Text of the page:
Dogtown And Z-boys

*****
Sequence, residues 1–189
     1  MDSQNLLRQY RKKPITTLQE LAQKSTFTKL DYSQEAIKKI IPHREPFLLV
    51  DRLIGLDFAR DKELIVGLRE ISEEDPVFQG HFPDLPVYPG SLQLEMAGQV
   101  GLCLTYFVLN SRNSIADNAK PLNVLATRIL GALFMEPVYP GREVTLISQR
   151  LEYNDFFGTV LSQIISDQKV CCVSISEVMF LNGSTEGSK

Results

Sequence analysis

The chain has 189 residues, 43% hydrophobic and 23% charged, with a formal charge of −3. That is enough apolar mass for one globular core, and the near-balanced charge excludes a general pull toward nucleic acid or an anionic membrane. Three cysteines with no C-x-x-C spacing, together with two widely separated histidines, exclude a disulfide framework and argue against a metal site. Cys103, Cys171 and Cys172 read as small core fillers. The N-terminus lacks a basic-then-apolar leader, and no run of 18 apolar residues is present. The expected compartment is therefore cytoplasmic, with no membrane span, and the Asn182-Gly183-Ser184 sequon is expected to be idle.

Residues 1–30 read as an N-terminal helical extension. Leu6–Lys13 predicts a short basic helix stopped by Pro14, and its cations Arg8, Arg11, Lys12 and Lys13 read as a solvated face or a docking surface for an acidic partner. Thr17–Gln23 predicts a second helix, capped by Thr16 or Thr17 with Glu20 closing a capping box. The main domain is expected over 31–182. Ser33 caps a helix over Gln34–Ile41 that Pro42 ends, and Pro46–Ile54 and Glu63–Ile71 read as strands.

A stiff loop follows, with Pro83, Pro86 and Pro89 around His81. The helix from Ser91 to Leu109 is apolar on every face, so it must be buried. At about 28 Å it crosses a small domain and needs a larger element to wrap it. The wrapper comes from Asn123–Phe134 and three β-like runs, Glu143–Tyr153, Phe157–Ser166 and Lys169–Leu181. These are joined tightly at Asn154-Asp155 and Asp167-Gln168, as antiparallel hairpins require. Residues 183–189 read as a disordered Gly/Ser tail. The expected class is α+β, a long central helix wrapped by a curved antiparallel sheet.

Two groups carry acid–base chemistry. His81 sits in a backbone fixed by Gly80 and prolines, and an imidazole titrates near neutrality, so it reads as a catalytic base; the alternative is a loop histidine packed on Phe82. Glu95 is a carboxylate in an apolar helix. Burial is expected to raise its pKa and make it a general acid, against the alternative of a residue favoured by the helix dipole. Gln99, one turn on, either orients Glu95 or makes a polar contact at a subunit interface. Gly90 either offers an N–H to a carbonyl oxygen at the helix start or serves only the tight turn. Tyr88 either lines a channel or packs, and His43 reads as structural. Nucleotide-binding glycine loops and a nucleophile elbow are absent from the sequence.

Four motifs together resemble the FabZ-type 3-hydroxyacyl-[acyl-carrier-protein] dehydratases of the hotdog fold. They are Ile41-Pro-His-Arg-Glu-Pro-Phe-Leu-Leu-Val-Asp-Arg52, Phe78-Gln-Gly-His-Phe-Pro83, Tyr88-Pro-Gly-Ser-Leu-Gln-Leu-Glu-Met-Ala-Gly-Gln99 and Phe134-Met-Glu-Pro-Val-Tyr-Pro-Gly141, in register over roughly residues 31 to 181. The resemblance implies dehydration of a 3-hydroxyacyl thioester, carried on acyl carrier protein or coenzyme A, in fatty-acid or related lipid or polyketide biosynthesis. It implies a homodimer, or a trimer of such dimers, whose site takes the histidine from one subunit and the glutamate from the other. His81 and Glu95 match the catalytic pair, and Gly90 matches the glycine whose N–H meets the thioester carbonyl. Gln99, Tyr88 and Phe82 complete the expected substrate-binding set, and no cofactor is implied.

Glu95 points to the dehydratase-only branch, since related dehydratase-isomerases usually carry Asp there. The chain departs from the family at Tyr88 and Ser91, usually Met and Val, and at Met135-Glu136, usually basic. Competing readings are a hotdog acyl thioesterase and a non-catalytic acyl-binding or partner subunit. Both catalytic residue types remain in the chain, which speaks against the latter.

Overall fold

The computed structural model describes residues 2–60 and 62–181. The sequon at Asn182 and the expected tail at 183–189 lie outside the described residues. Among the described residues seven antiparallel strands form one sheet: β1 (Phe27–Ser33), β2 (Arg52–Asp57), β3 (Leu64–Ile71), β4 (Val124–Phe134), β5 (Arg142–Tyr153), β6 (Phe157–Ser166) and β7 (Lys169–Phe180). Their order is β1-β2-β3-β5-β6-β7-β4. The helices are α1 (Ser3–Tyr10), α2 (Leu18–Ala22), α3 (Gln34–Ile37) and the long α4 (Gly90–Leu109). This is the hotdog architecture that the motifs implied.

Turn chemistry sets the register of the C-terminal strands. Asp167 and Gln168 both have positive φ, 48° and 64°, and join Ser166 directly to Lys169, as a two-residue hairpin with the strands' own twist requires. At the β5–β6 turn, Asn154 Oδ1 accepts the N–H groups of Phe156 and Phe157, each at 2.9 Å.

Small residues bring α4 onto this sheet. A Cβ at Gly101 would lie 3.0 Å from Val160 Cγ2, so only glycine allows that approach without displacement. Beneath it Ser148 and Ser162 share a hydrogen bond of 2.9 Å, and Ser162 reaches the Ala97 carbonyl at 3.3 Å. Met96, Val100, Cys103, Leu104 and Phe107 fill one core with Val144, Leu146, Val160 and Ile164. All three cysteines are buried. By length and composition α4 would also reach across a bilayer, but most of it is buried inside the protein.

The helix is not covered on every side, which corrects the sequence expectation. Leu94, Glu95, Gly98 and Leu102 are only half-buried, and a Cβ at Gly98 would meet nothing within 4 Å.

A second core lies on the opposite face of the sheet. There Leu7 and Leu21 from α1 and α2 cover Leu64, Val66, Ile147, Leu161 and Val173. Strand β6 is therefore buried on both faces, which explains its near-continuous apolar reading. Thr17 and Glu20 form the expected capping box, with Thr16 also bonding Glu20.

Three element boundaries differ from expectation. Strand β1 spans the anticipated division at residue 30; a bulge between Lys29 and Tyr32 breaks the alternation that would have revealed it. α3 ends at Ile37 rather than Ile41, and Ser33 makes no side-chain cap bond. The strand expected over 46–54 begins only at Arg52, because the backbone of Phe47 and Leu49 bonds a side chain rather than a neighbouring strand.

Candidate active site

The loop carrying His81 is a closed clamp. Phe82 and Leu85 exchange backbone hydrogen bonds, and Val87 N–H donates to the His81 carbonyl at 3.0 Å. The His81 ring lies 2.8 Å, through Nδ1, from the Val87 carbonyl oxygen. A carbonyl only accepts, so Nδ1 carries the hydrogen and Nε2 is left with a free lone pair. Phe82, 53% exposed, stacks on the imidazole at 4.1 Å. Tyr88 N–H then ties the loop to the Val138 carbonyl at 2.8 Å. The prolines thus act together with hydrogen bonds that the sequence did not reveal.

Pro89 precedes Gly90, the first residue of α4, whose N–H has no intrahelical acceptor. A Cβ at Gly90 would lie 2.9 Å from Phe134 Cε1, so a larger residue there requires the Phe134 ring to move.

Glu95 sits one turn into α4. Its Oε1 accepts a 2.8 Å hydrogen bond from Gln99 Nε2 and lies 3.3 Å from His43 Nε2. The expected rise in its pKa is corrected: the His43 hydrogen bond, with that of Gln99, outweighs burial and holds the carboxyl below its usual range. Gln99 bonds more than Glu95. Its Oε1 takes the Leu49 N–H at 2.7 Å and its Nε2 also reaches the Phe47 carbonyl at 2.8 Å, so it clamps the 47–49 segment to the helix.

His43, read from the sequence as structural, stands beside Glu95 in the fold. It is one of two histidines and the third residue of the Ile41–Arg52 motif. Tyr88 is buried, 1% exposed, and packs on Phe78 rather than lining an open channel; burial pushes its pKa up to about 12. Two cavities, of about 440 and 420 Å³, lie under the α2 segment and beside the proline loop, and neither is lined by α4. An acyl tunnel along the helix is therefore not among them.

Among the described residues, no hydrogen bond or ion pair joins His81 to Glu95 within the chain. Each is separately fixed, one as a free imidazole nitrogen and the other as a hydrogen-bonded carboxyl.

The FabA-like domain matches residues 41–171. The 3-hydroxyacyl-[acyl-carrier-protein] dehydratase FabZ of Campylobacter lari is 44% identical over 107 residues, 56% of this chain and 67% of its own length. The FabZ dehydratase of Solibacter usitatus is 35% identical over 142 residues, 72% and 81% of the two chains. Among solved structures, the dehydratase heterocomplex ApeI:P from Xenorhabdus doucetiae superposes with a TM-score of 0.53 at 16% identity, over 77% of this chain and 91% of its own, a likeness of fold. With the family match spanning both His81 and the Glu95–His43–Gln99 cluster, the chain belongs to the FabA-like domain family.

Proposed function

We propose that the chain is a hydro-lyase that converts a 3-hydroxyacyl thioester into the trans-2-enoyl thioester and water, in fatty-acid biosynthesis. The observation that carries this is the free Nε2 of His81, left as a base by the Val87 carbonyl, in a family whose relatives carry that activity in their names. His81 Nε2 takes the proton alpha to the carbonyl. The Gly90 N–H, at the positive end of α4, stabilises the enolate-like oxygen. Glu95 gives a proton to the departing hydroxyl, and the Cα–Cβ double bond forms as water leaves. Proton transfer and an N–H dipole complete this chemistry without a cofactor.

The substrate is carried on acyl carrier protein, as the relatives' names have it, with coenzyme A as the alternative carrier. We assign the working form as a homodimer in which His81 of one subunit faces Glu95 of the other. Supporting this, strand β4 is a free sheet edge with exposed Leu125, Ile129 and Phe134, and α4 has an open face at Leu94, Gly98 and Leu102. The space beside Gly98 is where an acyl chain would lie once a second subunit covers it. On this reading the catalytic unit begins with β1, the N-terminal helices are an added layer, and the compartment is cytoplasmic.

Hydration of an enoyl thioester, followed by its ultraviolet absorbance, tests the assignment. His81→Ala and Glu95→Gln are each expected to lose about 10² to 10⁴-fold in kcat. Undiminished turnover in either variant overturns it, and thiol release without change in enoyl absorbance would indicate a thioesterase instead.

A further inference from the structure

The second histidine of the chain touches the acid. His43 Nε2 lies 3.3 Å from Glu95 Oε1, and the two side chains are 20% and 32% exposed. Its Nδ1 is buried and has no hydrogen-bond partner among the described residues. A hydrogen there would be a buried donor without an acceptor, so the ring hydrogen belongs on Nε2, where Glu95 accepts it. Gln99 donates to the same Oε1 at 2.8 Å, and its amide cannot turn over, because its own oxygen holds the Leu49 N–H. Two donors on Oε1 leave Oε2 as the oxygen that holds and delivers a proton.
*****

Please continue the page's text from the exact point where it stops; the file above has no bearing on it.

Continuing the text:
The 2001 documentary Dogtown and Z-Boys captures the development of skateboarding from surfing and rogue street culture in California in the 1970s to its pervasive presence in American pop culture. The legendary Z-Boys skateboarding team hailed from a run-down beachside section of Los Angeles, and was made up of ten boys and one girl, most from broken homes. The crew ignored the traditional upright stance and came up with low-to-the-ground movements and the high-flying stunts that gave way to the extreme skateboarding, snowboarding, and trick biking styles of today. Dogtown revisits the skaters today, some of whom parlayed their talents into lucrative careers, like Tony Alva, who started his own skate gear company. Others were not so lucky, like the scene's golden boy, Jay Adams, who is serving a prison term for drug-related charges. The film is full of vintage photos and film footage—journalists Craig Stecyk and Glen E. Friedman were part of the scene—and was directed by Stacy Peralta, one of the most commercially successful skateboarders and an original Z-Boy.